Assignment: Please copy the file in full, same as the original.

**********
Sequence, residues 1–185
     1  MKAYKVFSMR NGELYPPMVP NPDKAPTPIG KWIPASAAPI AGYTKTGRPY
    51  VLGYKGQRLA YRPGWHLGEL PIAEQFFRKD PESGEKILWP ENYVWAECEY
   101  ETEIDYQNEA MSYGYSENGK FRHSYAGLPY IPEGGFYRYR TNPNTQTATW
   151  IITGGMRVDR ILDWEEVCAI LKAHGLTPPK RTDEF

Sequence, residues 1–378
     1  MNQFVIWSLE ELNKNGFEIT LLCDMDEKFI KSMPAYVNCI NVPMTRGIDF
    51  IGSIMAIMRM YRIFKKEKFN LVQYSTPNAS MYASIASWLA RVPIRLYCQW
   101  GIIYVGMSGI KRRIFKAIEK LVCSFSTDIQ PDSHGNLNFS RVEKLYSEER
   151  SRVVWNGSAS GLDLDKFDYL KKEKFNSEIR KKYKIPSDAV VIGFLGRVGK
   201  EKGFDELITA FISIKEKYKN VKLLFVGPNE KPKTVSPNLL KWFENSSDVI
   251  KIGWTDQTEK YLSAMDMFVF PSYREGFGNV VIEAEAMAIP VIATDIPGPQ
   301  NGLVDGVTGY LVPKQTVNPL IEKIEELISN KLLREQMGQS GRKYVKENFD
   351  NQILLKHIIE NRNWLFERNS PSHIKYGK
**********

Sequence, residues 1–185
     1  MKAYKVFSMR NGELYPPMVP NPDKAPTPIG KWIPASAAPI AGYTKTGRPY
    51  VLGYKGQRLA YRPGWHLGEL PIAEQFFRKD PESGEKILWP ENYVWAECEY
   101  ETEIDYQNEA MSYGYSENGK FRHSYAGLPY IPEGGFYRYR TNPNTQTATW
   151  IITGGMRVDR ILDWEEVCAI LKAHGLTPPK RTDEF

Sequence, residues 1–378
     1  MNQFVIWSLE ELNKNGFEIT LLCDMDEKFI KSMPAYVNCI NVPMTRGIDF
    51  IGSIMAIMRM YRIFKKEKFN LVQYSTPNAS MYASIASWLA RVPIRLYCQW
   101  GIIYVGMSGI KRRIFKAIEK LVCSFSTDIQ PDSHGNLNFS RVEKLYSEER
   151  SRVVWNGSAS GLDLDKFDYL KKEKFNSEIR KKYKIPSDAV VIGFLGRVGK
   201  EKGFDELITA FISIKEKYKN VKLLFVGPNE KPKTVSPNLL KWFENSSDVI
   251  KIGWTDQTEK YLSAMDMFVF PSYREGFGNV VIEAEAMAIP VIATDIPGPQ
   301  NGLVDGVTGY LVPKQTVNPL IEKIEELISN KLLREQMGQS GRKYVKENFD
   351  NQILLKHIIE NRNWLFERNS PSHIKYGK